Federal legislation affecting railroads is a familiar but far from unique example of those many areas of economic
Of course, the fact that there is substantial regulation does not preclude the regulatory agency from drawing on competition for complementary or auxiliary support. Satisfactory accommodation of the peculiarities of individual industries to the demands of the public interest necessarily requires in each case a blend of private forces
To say that national policy without more suffices for authorization of a competing carrier wherever competition is reasonably feasible would authorize the Commission to abdicate what would seem to us one of the primary duties imposed on it by Congress. And since we read the opinion of the Commission as saying precisely that, we think the case must be remanded for its reconsideration. We therefore do not say that authorization of Mackay under all the relevant circumstances, including the significance the Commission may rightly attribute to the facts on the basis of its experience, may not be in the public interest.
In reaching a conclusion that duplicating authorizations are in the public interest wherever competition is reasonably feasible, the Commission is not required to make specific findings of tangible benefit. It is not required to grant authorizations only if there is a demonstration of facts indicating immediate benefit to the public. To restrict the Commission's action to cases in which tangible evidence appropriate for judicial determination is available would disregard a major reason for the creation of administrative agencies, better equipped as they are for weighing intangibles "by specialization, by insight gained through experience, and by more flexible procedure." Far East Conf. v. United States, 342 U.S. 570, 575. In the nature of things, the possible benefits of competition do not lend themselves to detailed forecast,
RCAC asks us to uphold the Court of Appeals decision on another ground, that the grant of authorization to Mackay would violate § 314 of the Communications Act, which forbids common ownership, control or operation of radio and cable in international communication whose purpose or effect may be substantially to lessen competition, restrain commerce or unlawfully to create a monopoly. We cannot agree. There has been in recent years a considerable shift of international telegraph traffic from cable to radio, a shift strongly accentuated in some countries, including Portugal and The Netherlands, where the overseas correspondent of American companies is a government-controlled monopoly which strongly advocates radio transmission. RCAC, in the two instances before us, is the beneficiary of this discrimination against cable transmission; with negligible exception, it has a monopoly of radio traffic to these countries. In the light of these circumstances, we think the Commission was justified in finding that the grant of Mackay's authorization would increase, rather than decrease, competition. Although it may be true that the relationship of Mackay to Commercial is such that there is, and would be, no competition between them, we think the Commission was entitled to look at the entire competitive scene and not confine itself
RCAC's arguments based on comparable language in the Clayton Act and on decisions under that Act and under the Sherman Law cannot, we think, be sustained. What may substantially lessen competition in those areas where competition is the main reliance for regulation of the market cannot be automatically transplanted to areas in which active regulation is entrusted to an administrative agency; for reasons we have indicated above, what competition is and should be in such areas must be read in the light of the special considerations that have influenced Congress to make specific provision for the particular industry. We therefore think that the Commission's determination that the grant of authorization to Mackay would not decrease competition, in the special sense in which that word is to be used in this context, is supported by the findings and satisfies the requirements of § 314.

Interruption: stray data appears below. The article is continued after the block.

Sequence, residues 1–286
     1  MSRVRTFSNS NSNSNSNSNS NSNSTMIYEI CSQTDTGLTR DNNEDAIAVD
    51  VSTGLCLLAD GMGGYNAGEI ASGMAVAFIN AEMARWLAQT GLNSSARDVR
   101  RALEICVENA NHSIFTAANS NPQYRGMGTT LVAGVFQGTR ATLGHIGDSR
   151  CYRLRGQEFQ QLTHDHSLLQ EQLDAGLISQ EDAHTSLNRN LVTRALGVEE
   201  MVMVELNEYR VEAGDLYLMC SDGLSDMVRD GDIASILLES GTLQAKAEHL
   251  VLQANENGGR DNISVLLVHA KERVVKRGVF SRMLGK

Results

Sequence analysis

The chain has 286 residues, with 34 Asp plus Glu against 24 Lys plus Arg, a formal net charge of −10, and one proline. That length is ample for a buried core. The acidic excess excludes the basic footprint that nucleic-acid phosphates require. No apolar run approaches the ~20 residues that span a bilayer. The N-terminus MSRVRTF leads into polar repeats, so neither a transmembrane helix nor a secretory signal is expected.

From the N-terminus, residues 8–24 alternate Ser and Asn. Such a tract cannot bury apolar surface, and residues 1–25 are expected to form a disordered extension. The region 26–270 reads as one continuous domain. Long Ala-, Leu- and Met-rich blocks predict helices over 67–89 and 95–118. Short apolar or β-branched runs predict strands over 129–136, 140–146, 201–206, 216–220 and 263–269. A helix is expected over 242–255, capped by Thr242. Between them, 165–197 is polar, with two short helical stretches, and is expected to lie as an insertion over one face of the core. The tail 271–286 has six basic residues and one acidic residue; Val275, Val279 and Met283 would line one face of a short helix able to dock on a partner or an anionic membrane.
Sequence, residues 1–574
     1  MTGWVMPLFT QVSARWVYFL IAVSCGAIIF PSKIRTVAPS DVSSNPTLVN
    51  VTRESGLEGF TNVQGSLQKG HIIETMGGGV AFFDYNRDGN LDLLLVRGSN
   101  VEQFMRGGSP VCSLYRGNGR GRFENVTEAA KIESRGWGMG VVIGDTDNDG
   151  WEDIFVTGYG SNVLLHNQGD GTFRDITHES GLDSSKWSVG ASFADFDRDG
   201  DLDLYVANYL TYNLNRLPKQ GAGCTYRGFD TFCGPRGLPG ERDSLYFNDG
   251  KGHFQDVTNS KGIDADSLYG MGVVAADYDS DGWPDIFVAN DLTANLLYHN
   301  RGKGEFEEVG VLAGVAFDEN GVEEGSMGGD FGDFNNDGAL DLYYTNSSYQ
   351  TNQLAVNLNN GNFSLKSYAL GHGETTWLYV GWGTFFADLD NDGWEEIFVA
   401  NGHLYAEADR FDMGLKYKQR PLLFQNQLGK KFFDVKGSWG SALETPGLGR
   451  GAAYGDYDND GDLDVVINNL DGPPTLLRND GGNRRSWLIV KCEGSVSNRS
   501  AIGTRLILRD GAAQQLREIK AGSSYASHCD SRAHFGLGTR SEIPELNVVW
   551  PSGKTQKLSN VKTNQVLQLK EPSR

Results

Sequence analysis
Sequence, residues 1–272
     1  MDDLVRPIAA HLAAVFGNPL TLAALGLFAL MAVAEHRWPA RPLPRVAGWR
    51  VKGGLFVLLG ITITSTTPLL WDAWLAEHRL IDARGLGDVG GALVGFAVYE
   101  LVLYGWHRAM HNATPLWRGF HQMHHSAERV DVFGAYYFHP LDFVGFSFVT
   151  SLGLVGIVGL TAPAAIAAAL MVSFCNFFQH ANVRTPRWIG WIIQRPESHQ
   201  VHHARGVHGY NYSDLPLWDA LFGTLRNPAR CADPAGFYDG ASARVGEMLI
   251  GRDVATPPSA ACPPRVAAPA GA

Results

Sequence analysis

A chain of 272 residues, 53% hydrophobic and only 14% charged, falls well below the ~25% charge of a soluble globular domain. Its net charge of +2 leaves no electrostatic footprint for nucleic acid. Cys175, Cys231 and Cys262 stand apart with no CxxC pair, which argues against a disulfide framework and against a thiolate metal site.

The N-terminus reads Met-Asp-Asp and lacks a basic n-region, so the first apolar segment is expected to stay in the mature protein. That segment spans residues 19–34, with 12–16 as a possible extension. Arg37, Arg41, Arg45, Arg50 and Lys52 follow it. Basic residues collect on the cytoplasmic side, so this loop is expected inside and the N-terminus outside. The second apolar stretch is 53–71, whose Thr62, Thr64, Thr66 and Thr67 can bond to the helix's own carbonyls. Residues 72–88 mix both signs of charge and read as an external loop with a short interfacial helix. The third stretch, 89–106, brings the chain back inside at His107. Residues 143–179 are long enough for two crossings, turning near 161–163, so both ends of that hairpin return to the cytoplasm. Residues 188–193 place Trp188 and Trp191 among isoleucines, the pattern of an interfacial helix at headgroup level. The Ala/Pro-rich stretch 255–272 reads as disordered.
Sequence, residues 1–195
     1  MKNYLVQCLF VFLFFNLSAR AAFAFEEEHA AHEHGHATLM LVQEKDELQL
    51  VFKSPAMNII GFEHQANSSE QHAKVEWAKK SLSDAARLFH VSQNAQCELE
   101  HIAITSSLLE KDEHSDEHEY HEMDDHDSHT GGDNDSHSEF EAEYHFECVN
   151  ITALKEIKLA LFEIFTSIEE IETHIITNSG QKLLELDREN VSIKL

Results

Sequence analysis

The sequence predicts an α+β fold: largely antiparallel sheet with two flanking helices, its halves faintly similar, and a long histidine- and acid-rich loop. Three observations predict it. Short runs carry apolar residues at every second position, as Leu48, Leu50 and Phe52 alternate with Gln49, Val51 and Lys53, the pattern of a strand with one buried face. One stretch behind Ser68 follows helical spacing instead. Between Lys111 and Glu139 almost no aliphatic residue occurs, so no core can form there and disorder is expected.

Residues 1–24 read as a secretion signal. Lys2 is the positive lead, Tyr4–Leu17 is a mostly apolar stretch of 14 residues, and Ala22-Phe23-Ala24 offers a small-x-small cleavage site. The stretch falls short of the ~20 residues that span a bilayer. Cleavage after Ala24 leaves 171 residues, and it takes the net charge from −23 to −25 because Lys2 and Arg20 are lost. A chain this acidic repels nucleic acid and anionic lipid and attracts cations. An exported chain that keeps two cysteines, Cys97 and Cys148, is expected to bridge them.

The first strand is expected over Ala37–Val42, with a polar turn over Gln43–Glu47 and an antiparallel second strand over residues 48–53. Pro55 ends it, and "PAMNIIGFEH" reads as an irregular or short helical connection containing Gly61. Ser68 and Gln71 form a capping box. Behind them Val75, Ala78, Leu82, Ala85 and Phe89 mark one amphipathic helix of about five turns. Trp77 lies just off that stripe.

For the reasons we have indicated, the judgment of the Court of Appeals is vacated and the case is remanded to that court with instructions to remand it to the Federal Communications Commission for such disposition as is open under this opinion.
It is so ordered.
MR. JUSTICE BLACK is of the opinion that the Commission's findings have substantial evidential support, that the findings adequately support the Commission's
MR. JUSTICE REED and MR. JUSTICE JACKSON took no part in the consideration or decision of this case.
MR. JUSTICE DOUGLAS, dissenting.
I agree with the Court that it is necessary under the Federal Communications Act to establish that the licensing of a competitive service offers a reasonable expectation of some beneficial effect, measured by the public interest. That was indeed the view of the Court of Appeals. But on this record the facts are that
I therefore agree with Judge Edgerton's opinion for the Court of Appeals (91 U. S. App. D. C. 289, 201 F.2d 694) that on this showing the Commission acted without authority and that its order should be set aside. On the record before us the facts are so unequivocal that there is no apparent way for the Commission to meet the standard approved both here and below. There is therefore no occasion for a remand. I would affirm the judgment below.
"From 1945 until the decision in the present case (1951) the Commission granted a number of duplicating circuits." (Citations and footnotes omitted.)